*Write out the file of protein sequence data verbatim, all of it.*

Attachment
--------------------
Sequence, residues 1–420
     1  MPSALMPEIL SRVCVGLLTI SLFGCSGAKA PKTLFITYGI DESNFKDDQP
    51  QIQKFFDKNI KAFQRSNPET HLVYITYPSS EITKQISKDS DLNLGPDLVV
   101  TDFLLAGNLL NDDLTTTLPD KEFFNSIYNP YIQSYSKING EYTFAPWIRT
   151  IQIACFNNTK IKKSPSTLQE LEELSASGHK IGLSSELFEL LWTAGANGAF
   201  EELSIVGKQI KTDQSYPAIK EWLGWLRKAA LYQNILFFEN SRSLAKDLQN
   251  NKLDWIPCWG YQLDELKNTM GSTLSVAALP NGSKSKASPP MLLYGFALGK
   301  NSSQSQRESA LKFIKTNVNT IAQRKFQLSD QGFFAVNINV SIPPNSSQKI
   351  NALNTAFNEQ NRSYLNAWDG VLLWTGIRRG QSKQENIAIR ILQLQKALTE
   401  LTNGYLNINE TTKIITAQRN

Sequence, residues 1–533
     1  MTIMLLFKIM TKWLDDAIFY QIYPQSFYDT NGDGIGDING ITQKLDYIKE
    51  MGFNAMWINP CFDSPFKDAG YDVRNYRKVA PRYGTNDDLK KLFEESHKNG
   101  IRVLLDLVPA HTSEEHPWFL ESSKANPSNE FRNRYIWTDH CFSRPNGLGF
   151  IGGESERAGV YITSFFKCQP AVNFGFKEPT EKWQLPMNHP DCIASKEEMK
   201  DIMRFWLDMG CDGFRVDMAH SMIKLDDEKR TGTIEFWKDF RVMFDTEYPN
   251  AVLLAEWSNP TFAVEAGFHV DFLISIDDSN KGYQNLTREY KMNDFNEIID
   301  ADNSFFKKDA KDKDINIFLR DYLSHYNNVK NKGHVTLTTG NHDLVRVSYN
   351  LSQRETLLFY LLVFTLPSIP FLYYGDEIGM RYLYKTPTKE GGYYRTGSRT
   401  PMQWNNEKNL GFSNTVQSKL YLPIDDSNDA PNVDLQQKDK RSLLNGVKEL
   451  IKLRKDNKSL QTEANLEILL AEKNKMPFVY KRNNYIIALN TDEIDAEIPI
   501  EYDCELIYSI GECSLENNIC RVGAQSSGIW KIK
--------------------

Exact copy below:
Sequence, residues 1–420
     1  MPSALMPEIL SRVCVGLLTI SLFGCSGAKA PKTLFITYGI DESNFKDDQP
    51  QIQKFFDKNI KAFQRSNPET HLVYITYPSS EITKQISKDS DLNLGPDLVV
   101  TDFLLAGNLL NDDLTTTLPD KEFFNSIYNP YIQSYSKING EYTFAPWIRT
   151  IQIACFNNTK IKKSPSTLQE LEELSASGHK IGLSSELFEL LWTAGANGAF
   201  EELSIVGKQI KTDQSYPAIK EWLGWLRKAA LYQNILFFEN SRSLAKDLQN
   251  NKLDWIPCWG YQLDELKNTM GSTLSVAALP NGSKSKASPP MLLYGFALGK
   301  NSSQSQRESA LKFIKTNVNT IAQRKFQLSD QGFFAVNINV SIPPNSSQKI
   351  NALNTAFNEQ NRSYLNAWDG VLLWTGIRRG QSKQENIAIR ILQLQKALTE
   401  LTNGYLNINE TTKIITAQRN

Sequence, residues 1–533
     1  MTIMLLFKIM TKWLDDAIFY QIYPQSFYDT NGDGIGDING ITQKLDYIKE
    51  MGFNAMWINP CFDSPFKDAG YDVRNYRKVA PRYGTNDDLK KLFEESHKNG
   101  IRVLLDLVPA HTSEEHPWFL ESSKANPSNE FRNRYIWTDH CFSRPNGLGF
   151  IGGESERAGV YITSFFKCQP AVNFGFKEPT EKWQLPMNHP DCIASKEEMK
   201  DIMRFWLDMG CDGFRVDMAH SMIKLDDEKR TGTIEFWKDF RVMFDTEYPN
   251  AVLLAEWSNP TFAVEAGFHV DFLISIDDSN KGYQNLTREY KMNDFNEIID
   301  ADNSFFKKDA KDKDINIFLR DYLSHYNNVK NKGHVTLTTG NHDLVRVSYN
   351  LSQRETLLFY LLVFTLPSIP FLYYGDEIGM RYLYKTPTKE GGYYRTGSRT
   401  PMQWNNEKNL GFSNTVQSKL YLPIDDSNDA PNVDLQQKDK RSLLNGVKEL
   451  IKLRKDNKSL QTEANLEILL AEKNKMPFVY KRNNYIIALN TDEIDAEIPI
   501  EYDCELIYSI GECSLENNIC RVGAQSSGIW KIK